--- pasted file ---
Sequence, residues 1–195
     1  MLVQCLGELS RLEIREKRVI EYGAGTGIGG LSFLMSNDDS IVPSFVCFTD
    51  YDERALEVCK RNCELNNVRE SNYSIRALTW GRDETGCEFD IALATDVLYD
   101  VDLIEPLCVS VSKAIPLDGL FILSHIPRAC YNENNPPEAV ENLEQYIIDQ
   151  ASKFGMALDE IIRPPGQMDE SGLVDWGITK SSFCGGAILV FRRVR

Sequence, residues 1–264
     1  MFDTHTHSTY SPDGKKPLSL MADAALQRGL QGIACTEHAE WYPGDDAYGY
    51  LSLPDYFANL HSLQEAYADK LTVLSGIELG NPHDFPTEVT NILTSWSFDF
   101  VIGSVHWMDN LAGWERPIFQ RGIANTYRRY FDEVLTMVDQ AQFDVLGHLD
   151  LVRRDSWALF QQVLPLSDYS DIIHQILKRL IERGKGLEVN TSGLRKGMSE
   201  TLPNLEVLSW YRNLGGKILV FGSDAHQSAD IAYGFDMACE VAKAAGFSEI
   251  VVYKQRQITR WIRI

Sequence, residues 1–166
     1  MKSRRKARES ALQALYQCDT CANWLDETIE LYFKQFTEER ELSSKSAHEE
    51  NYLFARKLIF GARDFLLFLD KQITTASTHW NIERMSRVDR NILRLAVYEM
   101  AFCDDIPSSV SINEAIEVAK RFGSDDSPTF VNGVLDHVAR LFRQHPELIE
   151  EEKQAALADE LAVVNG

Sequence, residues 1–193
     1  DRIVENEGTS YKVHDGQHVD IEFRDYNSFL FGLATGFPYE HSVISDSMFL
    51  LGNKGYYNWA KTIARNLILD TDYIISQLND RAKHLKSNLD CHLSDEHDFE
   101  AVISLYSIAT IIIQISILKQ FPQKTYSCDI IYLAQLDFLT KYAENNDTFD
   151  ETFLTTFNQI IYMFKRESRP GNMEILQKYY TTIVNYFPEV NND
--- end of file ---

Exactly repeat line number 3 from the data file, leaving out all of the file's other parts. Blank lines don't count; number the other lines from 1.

    51  YDERALEVCK RNCELNNVRE SNYSIRALTW GRDETGCEFD IALATDVLYD